You can learn more about the tested parameters and the whole testing process here.

8MP camera gains phase detect autofocus

The iPhone 6 comes with the same size camera sensor as the iPhone 5S and the same 8MP resolution that premiered in the Apple lineup way back in the day with the iPhone 4S. However the focus hardware has been improved and along with the updated software that adds up to somewhat better results.

Apple has added what they call focus pixels to the sensor which should make the autofocusing way faster. This is the phase detection pixel technology that we've seen in higher-grade cameras for a while now and the same focusing technology that Samsung premiered in the Galaxy S5 and LG in their G3 (which has and added infrared focusing aid as well).

The more powerful chipset and the new faster focus has enabled Apple to improve the face detection making it faster and more accurate. The auto image stabilization on the Apple iPhone 6 is digital but Apple promises it still does enough to reduce blurring. The panoramas got their resolution boosted and can now be up to 43MP. The new Apple A8 chipset also helps speed the whole thing up - from shot to shot times through HDR images to launching the camera app itself - it's all slightly snappier.

Lastly the front-facing camera is improved as well. Apple claims it captures 81% more light, though we are not sure how that's possible given that it has retained the same F/2.2 aperture, and it will do 10fps burst capture. The front-facing camera even offers HDR video capture, aside from HDR photo capture.

The camera interface is improved, courtesy of iOS 8. If you tap to focus the phone will give you control over exposure through an up and down slider. This way you can cleverly add exposure compensation depending on the scene. You can lock the focus and exposure as well but that isn't new.

Along the left side of the camera viewfinder Apple has added controls for switching to the front-facing camera, setting up a timer (either 3s or 10s), choosing the HDR mode (Auto will choose when to apply the effect, off and on) and finally a settings for the flash (Auto, on or off).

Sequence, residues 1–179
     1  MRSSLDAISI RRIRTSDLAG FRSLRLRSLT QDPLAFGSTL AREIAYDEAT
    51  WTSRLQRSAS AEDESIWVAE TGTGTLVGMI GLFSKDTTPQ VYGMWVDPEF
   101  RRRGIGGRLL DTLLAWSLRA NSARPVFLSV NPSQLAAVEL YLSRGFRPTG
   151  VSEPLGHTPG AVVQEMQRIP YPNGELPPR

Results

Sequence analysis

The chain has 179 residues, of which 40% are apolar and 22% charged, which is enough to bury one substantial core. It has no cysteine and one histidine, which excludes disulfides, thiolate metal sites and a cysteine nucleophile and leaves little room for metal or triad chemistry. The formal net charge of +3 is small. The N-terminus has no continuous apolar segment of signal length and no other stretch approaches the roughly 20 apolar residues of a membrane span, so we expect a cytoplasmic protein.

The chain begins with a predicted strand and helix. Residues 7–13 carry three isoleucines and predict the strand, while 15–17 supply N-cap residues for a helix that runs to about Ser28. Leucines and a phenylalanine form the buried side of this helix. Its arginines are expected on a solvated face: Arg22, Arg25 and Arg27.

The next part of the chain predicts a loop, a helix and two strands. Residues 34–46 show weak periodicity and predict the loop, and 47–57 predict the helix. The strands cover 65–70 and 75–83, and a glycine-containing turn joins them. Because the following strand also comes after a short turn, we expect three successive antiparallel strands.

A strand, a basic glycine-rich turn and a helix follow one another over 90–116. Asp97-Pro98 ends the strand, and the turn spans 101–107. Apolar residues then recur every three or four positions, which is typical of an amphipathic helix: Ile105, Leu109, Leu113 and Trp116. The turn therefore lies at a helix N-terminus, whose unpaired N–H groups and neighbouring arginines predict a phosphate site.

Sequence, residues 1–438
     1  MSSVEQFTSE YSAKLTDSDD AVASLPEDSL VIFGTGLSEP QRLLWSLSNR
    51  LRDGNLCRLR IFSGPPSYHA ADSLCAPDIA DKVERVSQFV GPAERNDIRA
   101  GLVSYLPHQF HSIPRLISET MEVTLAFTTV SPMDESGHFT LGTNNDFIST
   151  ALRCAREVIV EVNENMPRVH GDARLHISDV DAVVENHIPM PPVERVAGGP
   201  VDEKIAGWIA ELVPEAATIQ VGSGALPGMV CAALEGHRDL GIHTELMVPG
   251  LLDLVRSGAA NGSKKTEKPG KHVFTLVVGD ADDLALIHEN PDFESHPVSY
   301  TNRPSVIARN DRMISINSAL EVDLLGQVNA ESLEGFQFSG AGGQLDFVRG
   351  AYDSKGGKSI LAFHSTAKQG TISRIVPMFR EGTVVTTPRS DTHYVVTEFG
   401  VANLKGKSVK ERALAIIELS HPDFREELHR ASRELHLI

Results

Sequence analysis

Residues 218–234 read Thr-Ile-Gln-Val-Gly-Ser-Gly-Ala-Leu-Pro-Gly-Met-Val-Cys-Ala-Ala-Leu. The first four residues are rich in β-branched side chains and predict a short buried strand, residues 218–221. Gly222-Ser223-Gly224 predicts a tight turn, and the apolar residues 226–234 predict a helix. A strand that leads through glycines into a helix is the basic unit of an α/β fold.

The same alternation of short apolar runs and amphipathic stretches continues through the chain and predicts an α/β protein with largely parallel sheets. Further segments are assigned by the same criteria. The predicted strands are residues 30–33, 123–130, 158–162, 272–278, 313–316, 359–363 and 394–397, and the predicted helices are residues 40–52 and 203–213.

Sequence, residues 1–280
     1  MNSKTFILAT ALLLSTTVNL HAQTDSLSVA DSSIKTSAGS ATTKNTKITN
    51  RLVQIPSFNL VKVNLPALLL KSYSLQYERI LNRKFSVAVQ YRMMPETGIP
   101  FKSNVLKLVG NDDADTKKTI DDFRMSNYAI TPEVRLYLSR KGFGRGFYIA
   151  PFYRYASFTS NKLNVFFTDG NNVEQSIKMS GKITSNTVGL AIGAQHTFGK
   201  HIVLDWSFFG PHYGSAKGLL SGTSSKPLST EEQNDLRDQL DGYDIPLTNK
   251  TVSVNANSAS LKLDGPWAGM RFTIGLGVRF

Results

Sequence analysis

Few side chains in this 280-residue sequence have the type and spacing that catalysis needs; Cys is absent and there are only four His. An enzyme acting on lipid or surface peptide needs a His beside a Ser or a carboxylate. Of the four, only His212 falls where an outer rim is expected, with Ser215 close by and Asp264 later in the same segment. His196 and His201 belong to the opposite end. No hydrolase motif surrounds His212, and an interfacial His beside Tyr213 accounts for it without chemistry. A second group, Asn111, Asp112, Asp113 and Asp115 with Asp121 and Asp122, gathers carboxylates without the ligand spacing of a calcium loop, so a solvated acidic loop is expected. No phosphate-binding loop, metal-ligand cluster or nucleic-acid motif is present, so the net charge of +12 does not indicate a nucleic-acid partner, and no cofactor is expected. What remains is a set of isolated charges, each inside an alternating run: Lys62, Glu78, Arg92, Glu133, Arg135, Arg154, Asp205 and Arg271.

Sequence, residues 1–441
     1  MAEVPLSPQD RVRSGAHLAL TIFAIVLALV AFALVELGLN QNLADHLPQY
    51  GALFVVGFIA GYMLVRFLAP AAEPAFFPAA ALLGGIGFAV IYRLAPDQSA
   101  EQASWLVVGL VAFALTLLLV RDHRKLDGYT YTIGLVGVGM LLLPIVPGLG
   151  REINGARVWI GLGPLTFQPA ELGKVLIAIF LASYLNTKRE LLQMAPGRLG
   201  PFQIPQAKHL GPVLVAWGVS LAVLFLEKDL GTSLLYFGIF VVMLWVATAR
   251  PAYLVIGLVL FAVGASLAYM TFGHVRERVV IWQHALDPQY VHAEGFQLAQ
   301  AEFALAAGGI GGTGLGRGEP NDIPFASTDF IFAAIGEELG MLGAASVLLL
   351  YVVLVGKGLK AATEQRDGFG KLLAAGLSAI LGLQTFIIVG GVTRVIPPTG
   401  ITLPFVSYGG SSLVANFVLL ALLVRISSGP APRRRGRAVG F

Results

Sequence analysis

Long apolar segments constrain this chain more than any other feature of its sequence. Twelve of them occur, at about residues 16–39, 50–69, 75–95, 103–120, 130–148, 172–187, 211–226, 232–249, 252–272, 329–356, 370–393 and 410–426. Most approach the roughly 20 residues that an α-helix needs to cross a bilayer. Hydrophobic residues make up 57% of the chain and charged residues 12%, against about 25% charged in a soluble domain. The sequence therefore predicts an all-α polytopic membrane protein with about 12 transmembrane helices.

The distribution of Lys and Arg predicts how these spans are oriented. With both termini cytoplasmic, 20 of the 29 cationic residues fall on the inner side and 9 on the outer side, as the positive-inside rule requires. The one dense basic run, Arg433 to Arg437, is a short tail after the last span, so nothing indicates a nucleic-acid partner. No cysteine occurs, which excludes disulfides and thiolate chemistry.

On the right side on each side of the virtual shutter button you get swipe controls that will take you into the photo, square and pano mode on one side and video, slow-mo and time-lapse. To activate the Burst mode you just need to press the camera shutter longer.

Apple iPhone 6
Apple iPhone 6
Apple iPhone 6
Apple iPhone 6

Apple iPhone 6 camera UI

Once you start shooting with the Apple iPhone 6 you'll immediately notice an improvement in speed. The older iPhone 5s is no slouch but the new one feels notably faster. Shot to shot time is impressively fast and HDR photos (when the camera captures and stacks two shots) take just 1s to process.

The dynamic range is great - the brighter and darker parts of the scene have great exposure without the need for HDR. White balance was spot on each time took an image. The iPhone 6 tends to saturate colors over the natural level but we're not taking points away as most cameras oversaturate a little bit and it does add a certain punch to your images. We haven't had issues with blown out colors and lost detail.

Per-pixel detail is impressive for a 8MP camera as is usual for an iPhone. Objects come out incredibly sharp and well detailed. Compared to the iPhone 5s the corner sharpness has been improved and now offers as much resolved detail as the central part of the image.

It needs to be said that the Apple iPhone 6 focus didn't seemed to miss at all - every photo came out sharp and detailed. Focusing is noticeably faster compared to the iPhone 5s, too.